I wandered lonely as an old goat in an empty field,
out to the deserted City streets, slick with icy rain,
circled the church garden twice, searching for spring.
Found some Iris swords, green hopes smashed, and
a man in a wheelchair, sleeping under a scaffolding,
his one leg, with it's clown-striped sock, dangling off.
In the chair's boot, two teddy bears watched his back.
I had a haunted, worried, distressed sort of a dream:
'The super from decades ago was on my fire escape,
cleaning guano from the rusty iron, protesting angrily.
I hid behind a screen I no longer own, feeling guilty.
Deciding to confront him, not knowing what I'd say,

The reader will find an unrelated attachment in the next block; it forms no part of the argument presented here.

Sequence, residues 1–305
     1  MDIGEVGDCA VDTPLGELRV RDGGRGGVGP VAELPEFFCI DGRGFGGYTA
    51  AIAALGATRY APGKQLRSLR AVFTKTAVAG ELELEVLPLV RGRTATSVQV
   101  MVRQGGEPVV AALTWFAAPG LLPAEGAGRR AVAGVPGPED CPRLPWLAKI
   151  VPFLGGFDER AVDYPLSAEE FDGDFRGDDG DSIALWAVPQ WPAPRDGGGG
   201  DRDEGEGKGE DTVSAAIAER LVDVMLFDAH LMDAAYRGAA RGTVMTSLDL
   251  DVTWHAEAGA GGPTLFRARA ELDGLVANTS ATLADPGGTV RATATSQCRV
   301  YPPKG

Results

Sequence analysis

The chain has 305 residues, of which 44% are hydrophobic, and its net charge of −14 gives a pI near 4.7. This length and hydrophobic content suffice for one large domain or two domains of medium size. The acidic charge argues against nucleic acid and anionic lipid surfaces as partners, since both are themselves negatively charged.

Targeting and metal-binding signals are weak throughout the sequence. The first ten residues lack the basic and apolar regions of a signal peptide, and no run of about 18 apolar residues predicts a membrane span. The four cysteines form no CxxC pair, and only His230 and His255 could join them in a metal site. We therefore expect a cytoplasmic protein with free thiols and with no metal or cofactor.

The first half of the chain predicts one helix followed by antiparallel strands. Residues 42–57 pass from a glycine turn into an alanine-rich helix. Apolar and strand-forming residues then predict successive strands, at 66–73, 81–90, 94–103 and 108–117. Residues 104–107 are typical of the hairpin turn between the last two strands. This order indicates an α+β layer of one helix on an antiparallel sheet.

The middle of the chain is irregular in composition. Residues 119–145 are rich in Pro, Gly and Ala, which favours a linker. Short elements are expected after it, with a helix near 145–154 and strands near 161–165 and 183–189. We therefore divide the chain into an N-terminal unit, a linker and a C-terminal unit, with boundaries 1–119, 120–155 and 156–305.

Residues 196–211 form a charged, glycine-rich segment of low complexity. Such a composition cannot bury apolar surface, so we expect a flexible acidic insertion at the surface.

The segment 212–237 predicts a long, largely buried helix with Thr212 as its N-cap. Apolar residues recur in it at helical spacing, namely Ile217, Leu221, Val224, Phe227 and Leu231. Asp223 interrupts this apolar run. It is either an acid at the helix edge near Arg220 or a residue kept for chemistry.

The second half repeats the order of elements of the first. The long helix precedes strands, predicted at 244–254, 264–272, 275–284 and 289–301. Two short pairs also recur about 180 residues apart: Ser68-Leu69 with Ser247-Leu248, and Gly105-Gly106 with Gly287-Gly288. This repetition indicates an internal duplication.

nor what he. and whoever that was with him, would do,
I was feeling liberated--ready for whatever would be.'
Precisely when I woke--I'd been dredging old rivers then,
in my sleep, listening to real pigeons here, in the now.
I was tapping into the guilt root too, the fear entangled
thing, always available--that constant question of being.
Who has the right to be? Who turns, faces the enigma,
who confronts the ambiguity and wakes from the dream.
Every day a new high wire to cross, keeping in balance.